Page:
So, What Would You Do? – Hit by a Deer


Bambi is out to get you!

Several days ago I posted a video showing a cyclist and a deer having an unfortunate encounter.  I have to say, I’m used to dealing with cars hitting deer, not the other way around!  If you haven’t had a chance to watch the video and think about your management of this situation, take a few moments and do so!  It’s a short video!


So, what would I do?  What sorts of injuries come to mind when I watch the video?  I should note that this video takes place in more of a front country environment, rather than the more typical backcountry environment I normally write about.  My management will be from a backcountry perspective, rather than the obvious “call 911” angle.

What do I notice?

  • These guys are cruising pretty fast.  They aren’t working too hard, but they also aren’t poking along.  I’m not sure exactly how fast they are going, but out of an abundance of caution I’d include this in the “high-speed mechanism of injury” category.
  • That deer probably weighs in the 40-60 pound range, which is big enough to transmit some serious force.  Again, this leads me to include this incident in the high-speed MOI category.
  • The deer strikes the front wheel of the bike, causing him to dump to the ground.  He lands mostly on his side and back, and taps his helmet against the ground.  He doesn’t skid that far, and pops up onto his feet pretty quickly.
  • We’re on an active road, so other traffic could become an issue.
  • The deer does not stick around to see if the patient is ok, and puts about 200 yards and a 4 foot tall wire fence between himself and the incident very quickly.

Based on what I’m seeing in this video, I’m going to be alert for signs and symptoms of these injuries:

  • The patient’s speed at the time of the incident and the way he goes to the ground make me suspicious of head, neck and spine injuries.  I’m particularly worried about how he falls and rolls, bending his neck forward chin to chest.  This isn’t the worst way for the head to roll, but it’s not ideal.  He doesn’t land directly on his head or directly on his buttocks, which are good.  But I still want to investigate his spine closely.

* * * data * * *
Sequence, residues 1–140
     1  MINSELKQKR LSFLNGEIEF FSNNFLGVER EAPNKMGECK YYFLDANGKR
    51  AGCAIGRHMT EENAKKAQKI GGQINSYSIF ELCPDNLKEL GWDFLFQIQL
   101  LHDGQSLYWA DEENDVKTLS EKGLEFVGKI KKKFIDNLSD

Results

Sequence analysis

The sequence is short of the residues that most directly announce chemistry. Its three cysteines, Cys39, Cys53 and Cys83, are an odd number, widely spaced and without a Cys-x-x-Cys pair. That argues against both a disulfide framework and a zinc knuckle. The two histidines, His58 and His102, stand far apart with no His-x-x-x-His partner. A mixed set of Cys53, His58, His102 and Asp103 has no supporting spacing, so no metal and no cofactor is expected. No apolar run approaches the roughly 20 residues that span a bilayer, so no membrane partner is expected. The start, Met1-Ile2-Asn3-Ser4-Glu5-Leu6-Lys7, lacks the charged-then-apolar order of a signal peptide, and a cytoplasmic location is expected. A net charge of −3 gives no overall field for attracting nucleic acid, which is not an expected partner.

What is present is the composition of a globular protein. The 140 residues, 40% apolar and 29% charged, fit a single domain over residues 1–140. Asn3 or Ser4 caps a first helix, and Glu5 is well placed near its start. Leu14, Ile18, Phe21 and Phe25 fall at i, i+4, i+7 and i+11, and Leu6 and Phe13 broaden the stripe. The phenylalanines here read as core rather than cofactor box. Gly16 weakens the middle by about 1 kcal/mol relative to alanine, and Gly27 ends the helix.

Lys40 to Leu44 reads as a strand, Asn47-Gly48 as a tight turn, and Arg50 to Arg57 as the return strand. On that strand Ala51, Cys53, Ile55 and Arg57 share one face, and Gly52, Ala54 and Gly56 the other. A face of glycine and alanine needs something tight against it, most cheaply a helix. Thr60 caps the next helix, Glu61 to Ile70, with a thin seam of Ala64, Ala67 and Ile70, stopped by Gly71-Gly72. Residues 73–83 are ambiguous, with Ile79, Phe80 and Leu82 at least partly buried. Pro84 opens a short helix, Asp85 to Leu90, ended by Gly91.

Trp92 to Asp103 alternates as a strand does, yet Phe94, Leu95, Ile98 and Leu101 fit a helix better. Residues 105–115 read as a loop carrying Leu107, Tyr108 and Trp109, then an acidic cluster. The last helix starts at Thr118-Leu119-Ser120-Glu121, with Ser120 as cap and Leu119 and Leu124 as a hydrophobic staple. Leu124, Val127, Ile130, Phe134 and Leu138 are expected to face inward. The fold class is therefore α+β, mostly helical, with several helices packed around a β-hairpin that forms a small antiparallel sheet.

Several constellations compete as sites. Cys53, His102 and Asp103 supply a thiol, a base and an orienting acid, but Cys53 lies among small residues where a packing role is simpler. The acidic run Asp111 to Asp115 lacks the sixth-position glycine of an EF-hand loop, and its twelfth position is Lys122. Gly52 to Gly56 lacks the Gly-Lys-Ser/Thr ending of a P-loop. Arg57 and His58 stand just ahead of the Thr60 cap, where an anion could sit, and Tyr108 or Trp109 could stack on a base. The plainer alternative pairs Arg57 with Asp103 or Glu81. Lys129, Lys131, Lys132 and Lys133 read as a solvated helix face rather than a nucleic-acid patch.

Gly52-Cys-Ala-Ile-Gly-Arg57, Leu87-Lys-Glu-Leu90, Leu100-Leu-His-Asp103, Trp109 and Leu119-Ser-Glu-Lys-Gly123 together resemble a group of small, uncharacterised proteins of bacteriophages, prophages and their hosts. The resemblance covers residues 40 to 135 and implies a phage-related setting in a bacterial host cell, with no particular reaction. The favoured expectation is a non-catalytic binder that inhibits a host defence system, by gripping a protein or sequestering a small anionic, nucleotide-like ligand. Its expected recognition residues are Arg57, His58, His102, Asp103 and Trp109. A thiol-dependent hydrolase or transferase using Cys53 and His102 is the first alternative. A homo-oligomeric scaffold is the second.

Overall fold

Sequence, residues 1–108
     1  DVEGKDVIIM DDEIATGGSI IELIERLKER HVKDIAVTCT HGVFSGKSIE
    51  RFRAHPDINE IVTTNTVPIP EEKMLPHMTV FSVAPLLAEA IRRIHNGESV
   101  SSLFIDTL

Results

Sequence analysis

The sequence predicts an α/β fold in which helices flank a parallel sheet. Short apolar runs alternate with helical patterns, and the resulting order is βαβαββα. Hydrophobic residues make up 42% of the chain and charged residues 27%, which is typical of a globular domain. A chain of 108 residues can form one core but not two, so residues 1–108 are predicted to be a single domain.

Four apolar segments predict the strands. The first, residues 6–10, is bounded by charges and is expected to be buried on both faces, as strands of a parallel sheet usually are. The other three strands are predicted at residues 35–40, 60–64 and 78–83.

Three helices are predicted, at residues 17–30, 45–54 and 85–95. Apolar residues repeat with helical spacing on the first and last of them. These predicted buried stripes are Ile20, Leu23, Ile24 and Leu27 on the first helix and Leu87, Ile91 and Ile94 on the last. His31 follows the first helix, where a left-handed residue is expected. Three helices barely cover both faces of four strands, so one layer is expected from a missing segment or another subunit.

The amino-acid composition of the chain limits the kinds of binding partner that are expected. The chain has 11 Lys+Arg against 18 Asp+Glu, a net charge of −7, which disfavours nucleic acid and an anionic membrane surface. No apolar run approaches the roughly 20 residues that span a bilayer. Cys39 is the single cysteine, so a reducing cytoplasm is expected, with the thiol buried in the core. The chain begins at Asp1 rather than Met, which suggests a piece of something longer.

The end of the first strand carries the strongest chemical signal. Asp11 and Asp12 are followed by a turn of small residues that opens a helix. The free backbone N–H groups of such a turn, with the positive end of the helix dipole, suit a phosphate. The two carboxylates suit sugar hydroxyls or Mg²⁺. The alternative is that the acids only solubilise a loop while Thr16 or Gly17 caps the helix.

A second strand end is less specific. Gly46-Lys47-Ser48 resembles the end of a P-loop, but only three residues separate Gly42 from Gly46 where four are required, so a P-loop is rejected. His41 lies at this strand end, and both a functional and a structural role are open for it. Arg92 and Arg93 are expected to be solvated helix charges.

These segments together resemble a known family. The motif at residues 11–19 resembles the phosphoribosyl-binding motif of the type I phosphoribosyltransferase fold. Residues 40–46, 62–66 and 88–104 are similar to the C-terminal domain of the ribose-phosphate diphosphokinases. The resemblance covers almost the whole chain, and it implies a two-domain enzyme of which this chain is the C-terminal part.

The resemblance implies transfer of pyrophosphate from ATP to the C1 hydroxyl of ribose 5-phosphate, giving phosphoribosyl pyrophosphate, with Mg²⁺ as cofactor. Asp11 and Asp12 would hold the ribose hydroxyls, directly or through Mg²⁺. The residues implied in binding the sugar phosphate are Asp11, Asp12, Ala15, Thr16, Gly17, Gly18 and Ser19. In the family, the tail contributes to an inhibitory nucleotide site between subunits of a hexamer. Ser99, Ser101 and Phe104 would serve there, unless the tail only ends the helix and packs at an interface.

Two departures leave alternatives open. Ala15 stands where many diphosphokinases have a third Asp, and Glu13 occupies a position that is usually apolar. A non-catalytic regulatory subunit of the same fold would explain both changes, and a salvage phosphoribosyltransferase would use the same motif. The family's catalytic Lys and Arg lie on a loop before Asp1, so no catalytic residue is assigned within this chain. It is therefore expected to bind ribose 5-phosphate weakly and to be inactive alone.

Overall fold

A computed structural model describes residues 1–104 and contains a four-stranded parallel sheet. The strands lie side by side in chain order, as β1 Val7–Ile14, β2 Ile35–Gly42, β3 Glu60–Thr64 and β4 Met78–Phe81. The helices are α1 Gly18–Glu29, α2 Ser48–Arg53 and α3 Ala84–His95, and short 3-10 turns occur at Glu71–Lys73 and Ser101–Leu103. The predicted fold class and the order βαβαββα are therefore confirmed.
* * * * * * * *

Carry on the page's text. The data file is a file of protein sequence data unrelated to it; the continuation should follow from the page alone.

• I want to be alert for head injuries.  He’s wearing a helmet and doesn’t land directly on it, which is good.  However, his head does contact the ground.  I’d like to check his helmet for damage, and I want to be alert to changing mental status or other signs of brain injury.
  • I’m curious about possible clavicle (collar-bone) fractures.  He lands on his side and rolls over his shoulder; that medial compression is a great way to snap the clavicle (I broke mine by landing on my shoulder after being hit in the head by a soccer ball.  Long story.)
  • I want to investigate wrists and ankles.  Our patient suddenly disconnected from his pedals, and I want to make sure that he didn’t torque or break something.
  • I want to look for wounds and abrasions.

So, how will I manage this patient?  Here’s what comes to mind for me:

  • The patient popped up pretty quickly, and started moving around.  If he had stayed on the ground, I’d have taken control of his head, neck, and spine with manual inline control.  Since he’s standing up, I’m unlikely to try to get him to lay down, and I’d rather not do something aggressive like a “standing take down” to get him into a horizontal position.  I may have him sit down on the side of the road, and then take control of his head and spine.
  • After confirming that airways are patent, breathing is not affected and the chest is intact, and looking for dangerous bleeding, a careful head to toe exam should show me what injuries I’m actually dealing with.  I suspect that this patient isn’t more badly injured than some bruises, some muscle soreness (especially tomorrow!), and some road rash.  Still, we need to make sure.
  • I’d manage any soft-tissue injuries found with cleaning and bandages, or with support/splints if sprains/strains/fractures are found.
  • If we don’t find symptoms of spine injury, we could consider a focused spine assessment (FSA) or other spine clearance protocol to let go of the patient’s head. Remember, the FSA is for patients WITH MOI for spine injury, but with no signs or symptoms of spine injury. If you’re a little rusty on the FSA, NOLS Wilderness Medicine put out a great video demonstrating the process.

Now that the patient is managed, we can focus on making sure his bike is ok…

So, there you go.  If you have any questions, feel free to ask here in the comments, or on twitter with the tag #wwydwednesday.  Until next week, take care!

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Author: Ethan Zook

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